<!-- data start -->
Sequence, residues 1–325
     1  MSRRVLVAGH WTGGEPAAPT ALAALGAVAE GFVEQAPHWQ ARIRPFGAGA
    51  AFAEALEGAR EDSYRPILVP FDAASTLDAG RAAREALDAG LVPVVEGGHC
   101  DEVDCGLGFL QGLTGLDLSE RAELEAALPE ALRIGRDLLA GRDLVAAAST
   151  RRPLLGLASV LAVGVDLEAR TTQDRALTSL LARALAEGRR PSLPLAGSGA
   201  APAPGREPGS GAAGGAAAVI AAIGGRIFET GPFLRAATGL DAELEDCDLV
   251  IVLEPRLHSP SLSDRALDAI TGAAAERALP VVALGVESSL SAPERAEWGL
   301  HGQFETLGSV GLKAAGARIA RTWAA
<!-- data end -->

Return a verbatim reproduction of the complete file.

Sequence, residues 1–325
     1  MSRRVLVAGH WTGGEPAAPT ALAALGAVAE GFVEQAPHWQ ARIRPFGAGA
    51  AFAEALEGAR EDSYRPILVP FDAASTLDAG RAAREALDAG LVPVVEGGHC
   101  DEVDCGLGFL QGLTGLDLSE RAELEAALPE ALRIGRDLLA GRDLVAAAST
   151  RRPLLGLASV LAVGVDLEAR TTQDRALTSL LARALAEGRR PSLPLAGSGA
   201  APAPGREPGS GAAGGAAAVI AAIGGRIFET GPFLRAATGL DAELEDCDLV
   251  IVLEPRLHSP SLSDRALDAI TGAAAERALP VVALGVESSL SAPERAEWGL
   301  HGQFETLGSV GLKAAGARIA RTWAA